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Israeli government orders full two-week lockdown amid escalating Covid-19 outbreak

Only essential factories and services will be able to continue operating during the closure. Outdoor prayer services and protests, two hot-button issues dominating the country these days, will be limited to groups of up to 20 people and can be held within only 1 kilometer from home

CTech 09:3424.09.20

Israel will enter a full lockdown in an attempt to stem the Covid-19 outbreak in the country beginning from this coming Friday until after the Jewish holiday season in mid-October, the government decided early Thursday morning.

 

According to the outline that was brought before the government, only essential factories and services will be able to continue operating during the closure. Outdoor prayer services and protests, two hot-button issues dominating the country these days, will be limited to groups of up to 20 people and can be held within only 1 kilometer from home. Synagogues will only be open on Yom Kippur, the Jewish Day of Atonement, and subject to the government's health directives. Public transport is set to be limited to a minimum while Ben Gurion Airport will only be open to incoming flights and emergency outgoing flights.

 

The cost of the lockdown for the local economy is estimated to be in the region of NIS 35 billion (approximately $10 billion).
Israel will enter a lockdown starting from this Friday. Photo: EPA Israel will enter a lockdown starting from this Friday. Photo: EPA

The decision was made in an alternative cabinet composed of Prime Minister Benjamin Netanyahu, Defense Minister Benny Gantz, Interior Minister Aryeh Deri, Foreign Minister Gabi Ashkenazi and Justice Minister Avi Nissenkorn, bypassing the coronavirus cabinet. The rest of the members of the coronavirus cabinet, which leads the government's response to the pandemic, and Attorney General Avichai Mandelblit, were only informed of the agreement after the fact.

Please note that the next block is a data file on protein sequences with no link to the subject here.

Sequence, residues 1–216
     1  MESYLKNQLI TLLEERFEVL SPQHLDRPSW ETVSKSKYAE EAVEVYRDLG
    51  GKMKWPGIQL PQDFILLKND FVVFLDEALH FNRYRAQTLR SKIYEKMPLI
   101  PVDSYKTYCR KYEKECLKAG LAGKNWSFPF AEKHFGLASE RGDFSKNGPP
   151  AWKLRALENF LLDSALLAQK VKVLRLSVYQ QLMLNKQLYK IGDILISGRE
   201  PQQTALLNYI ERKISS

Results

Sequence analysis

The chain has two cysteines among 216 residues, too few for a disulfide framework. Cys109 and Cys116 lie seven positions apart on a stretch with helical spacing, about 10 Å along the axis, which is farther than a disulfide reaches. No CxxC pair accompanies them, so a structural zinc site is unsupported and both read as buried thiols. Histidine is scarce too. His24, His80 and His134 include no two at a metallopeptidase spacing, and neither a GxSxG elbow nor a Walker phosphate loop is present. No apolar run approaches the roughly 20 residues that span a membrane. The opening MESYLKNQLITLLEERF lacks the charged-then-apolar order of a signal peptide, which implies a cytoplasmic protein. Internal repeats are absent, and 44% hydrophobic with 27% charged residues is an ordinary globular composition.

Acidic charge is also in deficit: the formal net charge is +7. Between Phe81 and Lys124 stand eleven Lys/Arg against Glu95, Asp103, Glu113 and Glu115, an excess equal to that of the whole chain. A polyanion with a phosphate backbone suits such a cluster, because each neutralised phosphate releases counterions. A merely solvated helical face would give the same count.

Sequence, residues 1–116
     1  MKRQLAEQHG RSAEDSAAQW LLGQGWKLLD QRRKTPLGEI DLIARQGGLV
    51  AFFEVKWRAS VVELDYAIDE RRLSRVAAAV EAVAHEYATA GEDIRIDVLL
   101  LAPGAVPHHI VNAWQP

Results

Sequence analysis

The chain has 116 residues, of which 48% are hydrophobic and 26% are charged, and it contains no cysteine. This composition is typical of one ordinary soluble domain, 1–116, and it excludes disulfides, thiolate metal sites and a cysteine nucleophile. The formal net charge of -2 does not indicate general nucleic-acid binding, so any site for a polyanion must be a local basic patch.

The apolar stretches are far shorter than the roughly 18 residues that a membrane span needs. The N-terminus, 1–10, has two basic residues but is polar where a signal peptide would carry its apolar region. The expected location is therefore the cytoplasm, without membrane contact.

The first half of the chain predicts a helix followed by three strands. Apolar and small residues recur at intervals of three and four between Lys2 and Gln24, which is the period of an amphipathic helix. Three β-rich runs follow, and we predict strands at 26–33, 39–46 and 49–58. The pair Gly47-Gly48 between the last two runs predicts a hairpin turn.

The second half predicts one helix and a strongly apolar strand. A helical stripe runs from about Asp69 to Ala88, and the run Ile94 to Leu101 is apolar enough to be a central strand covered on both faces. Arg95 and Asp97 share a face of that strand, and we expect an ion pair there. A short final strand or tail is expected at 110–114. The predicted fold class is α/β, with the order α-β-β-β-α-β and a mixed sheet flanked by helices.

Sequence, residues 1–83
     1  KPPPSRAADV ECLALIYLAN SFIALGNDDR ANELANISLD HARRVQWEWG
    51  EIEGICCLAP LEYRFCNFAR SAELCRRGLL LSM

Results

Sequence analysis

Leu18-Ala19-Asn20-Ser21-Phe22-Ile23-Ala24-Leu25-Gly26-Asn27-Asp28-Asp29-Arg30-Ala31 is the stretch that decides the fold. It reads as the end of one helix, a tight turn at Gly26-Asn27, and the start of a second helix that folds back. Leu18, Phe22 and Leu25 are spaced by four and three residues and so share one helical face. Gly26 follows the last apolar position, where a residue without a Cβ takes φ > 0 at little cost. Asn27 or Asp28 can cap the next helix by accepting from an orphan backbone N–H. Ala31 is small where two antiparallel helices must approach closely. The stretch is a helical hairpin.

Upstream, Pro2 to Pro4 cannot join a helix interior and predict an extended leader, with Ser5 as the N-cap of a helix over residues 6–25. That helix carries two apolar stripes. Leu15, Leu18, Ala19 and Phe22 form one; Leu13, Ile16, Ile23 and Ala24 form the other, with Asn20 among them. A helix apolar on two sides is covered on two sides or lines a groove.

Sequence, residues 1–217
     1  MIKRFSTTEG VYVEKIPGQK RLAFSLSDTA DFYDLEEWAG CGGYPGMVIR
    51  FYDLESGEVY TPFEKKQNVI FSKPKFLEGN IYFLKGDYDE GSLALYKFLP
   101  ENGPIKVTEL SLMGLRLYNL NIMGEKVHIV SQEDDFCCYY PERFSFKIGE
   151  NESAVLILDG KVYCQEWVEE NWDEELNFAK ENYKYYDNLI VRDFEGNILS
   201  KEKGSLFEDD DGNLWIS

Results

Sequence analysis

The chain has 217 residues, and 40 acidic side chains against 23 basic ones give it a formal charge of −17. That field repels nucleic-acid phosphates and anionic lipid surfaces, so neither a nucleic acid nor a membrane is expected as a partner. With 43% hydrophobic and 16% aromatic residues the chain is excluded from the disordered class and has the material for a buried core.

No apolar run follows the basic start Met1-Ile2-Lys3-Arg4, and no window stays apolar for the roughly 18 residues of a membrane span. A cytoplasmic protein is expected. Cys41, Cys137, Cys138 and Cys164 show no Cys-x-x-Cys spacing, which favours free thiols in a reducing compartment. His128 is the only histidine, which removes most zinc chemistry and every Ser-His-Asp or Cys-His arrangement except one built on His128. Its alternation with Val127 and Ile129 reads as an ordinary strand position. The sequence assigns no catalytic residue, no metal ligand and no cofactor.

Many pundits have claimed that the new limitations were politically motivated, with Prime Minister Benjamin Netanyhau pushing to end weekly protests against him on one hand, claiming they are a hotbed of infections, and succumbing to pressure by his ultra-Orthodox coalition partners to keep synagogues open on the other.

 

Out of the 54,990 coronavirus tests conducted in Israel on Wednesday, 6,826, roughly one in seven, returned positive. It was the second day in a row that the number of positive tests approached the 7,000 threshold. Since the onset of the pandemic, over 200,000 Israelis have contracted the virus and more than 1,300 have passed away due to its complications.

 

The new lockdown, the second since the initial outbreak of the pandemic in late February is expected to have dire implications for the economy, with tens of thousands of people joining the ranks of unemployed daily and businesses shutting down at an alarming pace.

 

According to a new OECD report, the Covid-19 pandemic has thrust Israel into "a severe economic shock."

 

In its latest Economic Survey of Israel, the OECD says government support to cushion people and businesses from income losses should continue and adapt as the health and economic situation develops. Training and job-search assistance would help those who have lost jobs to find new ones while improving education and infrastructure and boosting competition would strengthen the recovery.

 

“The global coronavirus crisis hit just as Israel’s economy was performing well. In the 10 years since joining the OECD, Israel has halved its unemployment rate, raised living standards and reduced public debt,” said OECD Chief Economist Laurence Boone. “Israel needs to keep up its efforts to protect people and firms, revive growth and avoid the crisis aggravating key challenges of high inequalities and productivity disparities between high-tech and traditional sectors.”

 

With uncertainty over the virus still high and global demand weak, the survey, which was published on Wednesday, projects only a gradual recovery of GDP growth to 2.9% in 2021, after a drop of 6% in 2020. Unemployment is set to remain above pre-crisis levels at the end of 2021.